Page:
F.S The best hotel rooms are still the ones that are practical; which have lots and lots of storage space, smart space management (e.g. don’t clog the room with bulky furniture) and use ubiquitous universal plug points. People by nature are staying at a hotel due to travel so nothing is more annoying than to check into a room and having to ask for multiple plug adapters.

L.N Over the last few years, there has been a lot of changes when it comes to customer service, has the new ways hotels interact with their guests had an impact on their interior design?

F.S The more personalized the customer service, the less formal the hotel lobby has become. A good example of that is the Upper House in Hong Kong where there is a very informal and fun check-in process. Also, housekeeping has had major improvements and influenced the way that corridors and carts have been designed. Modern hotels, such as the Bulgari Milan, send their well-groomed housekeepers with a smart looking basket to do up the rooms while the housekeepers get their bulky supplies from smartly integrated storage areas. Corridors thus become more functional and large, bulky housekeeping trolleys will one day be a sight of the past.

L.N How important is it to create the right ambience in a restaurant and bar and how can interior design help with this?

F.S The ambience is the most critical piece in the work we do at iThink. You may know the feeling of walking into a restaurant and feeling how sterile it is. Or sitting next to someone in a restaurant and not being able to hear anything because the acoustics are awful. A lot of these issues are derived from a single decision such as, in the example of the acoustics, using lots of stone and concrete and not using a dropped ceiling to absorb the noise because the client maybe prefers an industrial, open one. Our advantage as consultants and designers is that we know how such issues will affect the end result thus we can steer, fine-tune and/or say don’t do that to our clients. Having the ability to envision the end product at the beginning of the process is one of the most vital skills we bring to the table. When we design a place we always ask ourselves two questions: if I am the first person to arrive at a bar or restaurant, how would I feel and how do I feel leaving the bar or restaurant?. If both times the answer is cosy, comfortable and happy then we have done a good job.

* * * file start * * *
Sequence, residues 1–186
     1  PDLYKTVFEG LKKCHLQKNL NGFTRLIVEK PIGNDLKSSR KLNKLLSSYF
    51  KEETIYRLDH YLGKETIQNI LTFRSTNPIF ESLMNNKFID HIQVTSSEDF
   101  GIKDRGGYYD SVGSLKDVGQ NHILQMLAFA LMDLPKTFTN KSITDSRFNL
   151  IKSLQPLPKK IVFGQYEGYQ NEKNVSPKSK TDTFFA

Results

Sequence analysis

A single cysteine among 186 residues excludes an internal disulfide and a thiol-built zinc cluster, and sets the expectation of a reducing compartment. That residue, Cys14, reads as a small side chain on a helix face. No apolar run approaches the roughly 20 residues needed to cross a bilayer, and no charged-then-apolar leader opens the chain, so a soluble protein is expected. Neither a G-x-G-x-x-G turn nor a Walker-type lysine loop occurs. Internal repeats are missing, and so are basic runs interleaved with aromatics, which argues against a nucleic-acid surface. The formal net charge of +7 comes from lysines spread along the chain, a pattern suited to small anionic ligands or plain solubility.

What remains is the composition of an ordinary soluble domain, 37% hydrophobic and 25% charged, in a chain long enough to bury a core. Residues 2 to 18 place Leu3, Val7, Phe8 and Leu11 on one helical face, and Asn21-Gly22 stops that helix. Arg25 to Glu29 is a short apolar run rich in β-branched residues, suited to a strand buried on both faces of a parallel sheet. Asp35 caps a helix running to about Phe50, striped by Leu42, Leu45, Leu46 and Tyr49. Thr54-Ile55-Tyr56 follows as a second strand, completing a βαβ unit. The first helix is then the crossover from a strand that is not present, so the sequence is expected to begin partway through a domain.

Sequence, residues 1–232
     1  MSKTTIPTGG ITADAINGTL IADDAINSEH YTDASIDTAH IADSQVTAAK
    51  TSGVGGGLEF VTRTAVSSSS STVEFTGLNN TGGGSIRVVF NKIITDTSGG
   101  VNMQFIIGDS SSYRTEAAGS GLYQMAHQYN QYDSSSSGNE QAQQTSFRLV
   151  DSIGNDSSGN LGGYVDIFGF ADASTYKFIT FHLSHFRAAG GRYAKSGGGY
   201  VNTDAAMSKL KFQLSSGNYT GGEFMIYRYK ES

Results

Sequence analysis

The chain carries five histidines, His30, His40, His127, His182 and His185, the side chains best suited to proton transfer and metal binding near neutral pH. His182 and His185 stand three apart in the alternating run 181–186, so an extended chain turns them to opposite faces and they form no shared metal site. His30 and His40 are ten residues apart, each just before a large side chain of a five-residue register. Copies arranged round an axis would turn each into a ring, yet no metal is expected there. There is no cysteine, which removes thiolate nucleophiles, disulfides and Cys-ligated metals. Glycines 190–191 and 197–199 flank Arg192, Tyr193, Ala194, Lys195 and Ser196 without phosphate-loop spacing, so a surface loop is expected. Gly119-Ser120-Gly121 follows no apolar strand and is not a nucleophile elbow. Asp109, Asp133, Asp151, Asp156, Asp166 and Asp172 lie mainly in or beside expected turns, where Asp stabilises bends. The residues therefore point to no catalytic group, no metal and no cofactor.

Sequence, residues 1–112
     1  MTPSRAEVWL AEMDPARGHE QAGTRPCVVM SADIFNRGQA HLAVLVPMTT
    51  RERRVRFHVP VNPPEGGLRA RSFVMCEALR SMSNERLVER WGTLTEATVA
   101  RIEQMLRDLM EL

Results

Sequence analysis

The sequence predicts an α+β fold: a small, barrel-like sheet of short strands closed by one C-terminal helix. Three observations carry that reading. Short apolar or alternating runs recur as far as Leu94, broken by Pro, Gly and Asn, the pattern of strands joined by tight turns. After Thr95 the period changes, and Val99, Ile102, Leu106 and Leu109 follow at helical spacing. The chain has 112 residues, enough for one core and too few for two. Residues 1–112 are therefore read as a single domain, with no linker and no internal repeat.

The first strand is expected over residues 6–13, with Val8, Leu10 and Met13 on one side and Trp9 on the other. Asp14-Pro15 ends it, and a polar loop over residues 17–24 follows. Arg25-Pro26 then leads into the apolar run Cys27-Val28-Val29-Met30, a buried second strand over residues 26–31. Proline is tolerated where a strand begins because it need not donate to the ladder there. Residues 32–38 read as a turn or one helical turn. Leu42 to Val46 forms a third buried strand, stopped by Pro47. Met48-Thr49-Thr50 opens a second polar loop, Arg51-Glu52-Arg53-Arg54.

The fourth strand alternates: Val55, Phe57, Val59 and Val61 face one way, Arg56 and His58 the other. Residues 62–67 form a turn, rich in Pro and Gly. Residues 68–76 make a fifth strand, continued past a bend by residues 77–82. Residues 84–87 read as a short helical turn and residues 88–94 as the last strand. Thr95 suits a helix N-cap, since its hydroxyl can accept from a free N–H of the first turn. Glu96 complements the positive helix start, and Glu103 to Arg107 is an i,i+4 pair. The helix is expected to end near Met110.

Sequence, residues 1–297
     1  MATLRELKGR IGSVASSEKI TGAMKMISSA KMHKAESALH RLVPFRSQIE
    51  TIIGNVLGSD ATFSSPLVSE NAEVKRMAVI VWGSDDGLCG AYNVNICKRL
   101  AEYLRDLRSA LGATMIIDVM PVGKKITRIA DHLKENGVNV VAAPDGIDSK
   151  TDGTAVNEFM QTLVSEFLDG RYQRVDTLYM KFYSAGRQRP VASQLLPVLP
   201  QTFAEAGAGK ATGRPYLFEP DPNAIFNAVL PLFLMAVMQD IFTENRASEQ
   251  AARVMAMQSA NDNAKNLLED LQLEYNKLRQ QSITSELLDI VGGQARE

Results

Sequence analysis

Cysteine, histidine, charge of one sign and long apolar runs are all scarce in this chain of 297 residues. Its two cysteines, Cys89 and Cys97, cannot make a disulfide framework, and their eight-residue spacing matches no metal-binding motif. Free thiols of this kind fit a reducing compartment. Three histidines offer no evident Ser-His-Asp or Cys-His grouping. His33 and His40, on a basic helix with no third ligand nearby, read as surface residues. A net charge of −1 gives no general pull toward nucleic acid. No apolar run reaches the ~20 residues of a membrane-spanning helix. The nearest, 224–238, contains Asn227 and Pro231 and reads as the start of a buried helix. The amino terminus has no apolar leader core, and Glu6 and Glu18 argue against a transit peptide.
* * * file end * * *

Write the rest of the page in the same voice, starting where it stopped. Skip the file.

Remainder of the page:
L.N Personally, what are your favourite trends for 2019?

F.S Personally, I do believe that people are gravitating towards personalization, touch points and attention to detail and that they are more and more demanding when it comes to quality. We don’t see that with many new projects, especially inside F&B spaces within hotels. At iThink we always spend time on our project sites and look at what the contractors are doing while the project is being built. Furthermore, we assist our clients in each decision until long after space has been handed back to our clients. This way we can ensure that even after we hand over the design part of our projects, that the soft touches, art selection and operating equipment are in line with our design vision. I am not saying we are trendsetters this way, but I do believe that this distinct way of caring about individual projects will deliver better and more competitive outcomes in an increasingly crowded market.